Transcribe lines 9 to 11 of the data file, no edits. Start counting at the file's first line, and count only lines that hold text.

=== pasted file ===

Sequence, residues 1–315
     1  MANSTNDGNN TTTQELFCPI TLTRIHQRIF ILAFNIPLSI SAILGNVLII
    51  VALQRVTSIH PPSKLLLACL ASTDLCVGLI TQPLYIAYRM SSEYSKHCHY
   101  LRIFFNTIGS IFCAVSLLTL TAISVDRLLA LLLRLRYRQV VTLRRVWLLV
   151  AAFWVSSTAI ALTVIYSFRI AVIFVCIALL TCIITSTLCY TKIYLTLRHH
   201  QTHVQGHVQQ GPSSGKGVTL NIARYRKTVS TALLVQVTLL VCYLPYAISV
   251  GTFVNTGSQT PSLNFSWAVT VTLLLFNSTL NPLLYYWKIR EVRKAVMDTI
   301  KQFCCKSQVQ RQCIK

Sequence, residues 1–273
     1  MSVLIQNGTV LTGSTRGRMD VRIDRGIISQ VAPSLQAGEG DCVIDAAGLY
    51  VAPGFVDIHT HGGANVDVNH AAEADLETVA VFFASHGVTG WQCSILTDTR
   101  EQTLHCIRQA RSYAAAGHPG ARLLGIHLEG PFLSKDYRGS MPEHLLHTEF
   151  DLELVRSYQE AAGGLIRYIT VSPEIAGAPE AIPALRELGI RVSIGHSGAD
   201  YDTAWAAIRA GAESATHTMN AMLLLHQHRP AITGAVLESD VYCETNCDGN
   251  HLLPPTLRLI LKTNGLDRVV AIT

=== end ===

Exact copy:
Sequence, residues 1–273
     1  MSVLIQNGTV LTGSTRGRMD VRIDRGIISQ VAPSLQAGEG DCVIDAAGLY
    51  VAPGFVDIHT HGGANVDVNH AAEADLETVA VFFASHGVTG WQCSILTDTR